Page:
3) Scatter seeds from nearby native plants in a similar habitat.
4) If you feel you must add a new plant then select a native plant while considering how the plant fits with the specific habitat and understanding the plant's logical place in the normal succession of native plants. 


My friend Elaine Chuang shared several resources (that were new to me) from the January 2022 Washington Ornithological Society meeting. By the way, Elaine credits Vicki King for researching and supplying this information. Keystone native plants are an important new idea. Douglas Tallamy in the book "Nature's Best Hope " explains that caterpillars supply more energy to birds than any other plant eater. He also mentions that 14% of our native plants, i.e. Keystone Plants, provide food for 90% of our caterpillars. This unique subset of native plants and trees enables critical moths, butterflies, and caterpillars that in turn provide food for the great majority of birds, especially during the breeding season. 

Here are the top two relevant links.

A video all about native keystone plants for wildlife:


New! Updated resources for adding keystone native plants to your yard. 


This updated collection includes a variety of new and different books, perspectives, and interactions between plants, birds, and insects. Thank you to Vicki King for continuing to collect all of these exceptionally helpful works. Also, thank you to each of the individuals who contributed.


In the area below it is my intention to display at least one photo each week to help challenge us to know the difference between native and non-native lifeforms. 

What plant is this? Is it native to Union Bay?

Scroll down for the answer.


Common Snowberry: Yes, it is a native plant. Follow the link, on the name, to learn more about the Snowberry plant. The linked site also shows a great example of the multiple leaf shapes on a single Snowberry plant. In the Spring, when the fruit is gone, all the different leaf shapes may make identification less challenging, as long as we know to expect the variety.

(It seemed particularly fitting to use a photograph of a Snowberry plant covered in our December snow.)


The Email Challenge:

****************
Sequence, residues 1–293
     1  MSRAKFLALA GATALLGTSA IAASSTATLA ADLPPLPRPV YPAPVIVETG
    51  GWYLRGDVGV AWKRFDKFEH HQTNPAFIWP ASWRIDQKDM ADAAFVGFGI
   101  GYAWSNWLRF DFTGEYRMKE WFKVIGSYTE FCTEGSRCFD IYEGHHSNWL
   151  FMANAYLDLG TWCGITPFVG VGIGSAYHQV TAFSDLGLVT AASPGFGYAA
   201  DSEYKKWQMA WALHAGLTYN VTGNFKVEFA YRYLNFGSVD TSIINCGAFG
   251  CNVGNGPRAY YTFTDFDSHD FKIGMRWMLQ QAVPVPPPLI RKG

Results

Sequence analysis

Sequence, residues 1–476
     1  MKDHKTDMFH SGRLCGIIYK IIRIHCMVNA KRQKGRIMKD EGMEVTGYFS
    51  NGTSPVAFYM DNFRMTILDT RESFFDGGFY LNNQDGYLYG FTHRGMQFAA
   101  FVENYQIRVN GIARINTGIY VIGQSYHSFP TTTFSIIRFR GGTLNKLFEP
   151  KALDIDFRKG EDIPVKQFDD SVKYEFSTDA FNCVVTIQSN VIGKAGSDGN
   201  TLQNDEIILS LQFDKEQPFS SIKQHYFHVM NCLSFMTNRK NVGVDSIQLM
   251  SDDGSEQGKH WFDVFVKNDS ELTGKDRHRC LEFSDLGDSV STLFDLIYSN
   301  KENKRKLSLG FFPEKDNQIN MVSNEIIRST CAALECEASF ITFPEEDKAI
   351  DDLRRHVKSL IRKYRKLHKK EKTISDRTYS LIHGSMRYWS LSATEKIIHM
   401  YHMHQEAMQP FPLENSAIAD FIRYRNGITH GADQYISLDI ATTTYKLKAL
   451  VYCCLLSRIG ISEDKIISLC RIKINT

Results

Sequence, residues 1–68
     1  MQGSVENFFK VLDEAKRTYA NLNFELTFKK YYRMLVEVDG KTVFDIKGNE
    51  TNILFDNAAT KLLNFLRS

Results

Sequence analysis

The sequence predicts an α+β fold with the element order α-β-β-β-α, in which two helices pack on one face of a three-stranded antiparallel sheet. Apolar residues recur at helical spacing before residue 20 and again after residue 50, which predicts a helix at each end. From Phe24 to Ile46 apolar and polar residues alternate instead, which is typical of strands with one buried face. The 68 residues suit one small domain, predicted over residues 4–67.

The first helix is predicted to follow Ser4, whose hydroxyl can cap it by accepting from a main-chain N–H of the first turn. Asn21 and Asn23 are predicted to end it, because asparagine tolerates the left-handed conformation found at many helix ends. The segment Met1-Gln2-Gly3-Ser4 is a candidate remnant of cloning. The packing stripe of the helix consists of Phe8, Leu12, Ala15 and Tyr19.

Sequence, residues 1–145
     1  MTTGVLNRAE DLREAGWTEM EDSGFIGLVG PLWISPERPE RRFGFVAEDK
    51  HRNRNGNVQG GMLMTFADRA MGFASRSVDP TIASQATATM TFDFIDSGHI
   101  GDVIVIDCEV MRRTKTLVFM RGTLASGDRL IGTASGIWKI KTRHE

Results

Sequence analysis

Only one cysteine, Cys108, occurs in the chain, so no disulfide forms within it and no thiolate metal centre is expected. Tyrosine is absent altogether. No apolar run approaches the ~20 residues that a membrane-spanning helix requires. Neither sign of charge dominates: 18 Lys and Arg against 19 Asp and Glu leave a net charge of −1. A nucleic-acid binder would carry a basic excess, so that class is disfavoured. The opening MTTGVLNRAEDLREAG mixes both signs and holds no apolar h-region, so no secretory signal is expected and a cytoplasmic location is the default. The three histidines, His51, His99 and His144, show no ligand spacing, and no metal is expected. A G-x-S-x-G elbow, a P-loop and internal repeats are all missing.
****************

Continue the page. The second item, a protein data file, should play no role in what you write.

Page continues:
Over the years, I have had many readers tell me that Google is no longer sending them email announcements. As of 2021,
 Google has discontinued the service.

In response, I have set up my own email list. With each post, I will manually send out an announcement. If you would like to be added to my personal email list please send me an email requesting to be added. Something like:

                Larry, Please add me to your personal email list. 

My email address is:  


Thank you!


The Comment Challenge:

Another common issue is losing your input while attempting to leave a comment on this blog. Often everything functions fine, however, sometimes people are unable to make it past the 
robot-detection challenge or maybe it is the lack of a Google account. I am uncertain about the precise issue. Sadly, a person can lose their comment with no recovery recourse. 
Bottom Line: 
If you write a long comment, please, copy it before hitting enter. Then, if the comment function fails to record your information, you can send the comment directly to me using email.
My email address is:  



A Final Photo:

After they both ate, Monty and Marsha moved back to one of their favorite roosts near the top of the sequoia above the Waterfront Activities Center.


  1. Larry,
    Great shots and write up! I am a veterinarian who has worked with raptors for over 30 years. I have separated many Bald Eagle pairs on the ground. I know cartwheeling has been cited and recited as courtship behavior. However, this is untrue. It is actually very aggressive combat. The eagles on the ground have their talons sunk deeply in the flesh, usually the legs, of their opponents and both seem to be waiting for their enemy to die. They can easily free themselves but won’t. I once separated a pair which had been locked together for over 24 hours! It is tempting for a citizen with no experience to attempt to separate the birds. Please wait until experienced help can arrive. There are four extremely strong feet whose talons can easily penetrate a hand, forearm or worse.
    When I grew up in Seattle, an eagle sighting was a very rare event indeed. It is great that the population has rebounded and that photojournalists like Larry can document these behaviors.

  2. Dave, Thank you for the additional explanation about this behavior. This fits with what I have witnessed. In each incident there has been at least one immature eagle involved and so it seems unlikely that what I saw was courtship activity. Also, their vocalizations sounded displeased (although I do not know how to objectively prove that) however they were not vocalizations like the ones I have heard before or after mating, or when a mated pair reunites in their nest tree, or at a common roosting location, etc.
    Thank you for sharing your knowledge and experience. Sincerely, Larry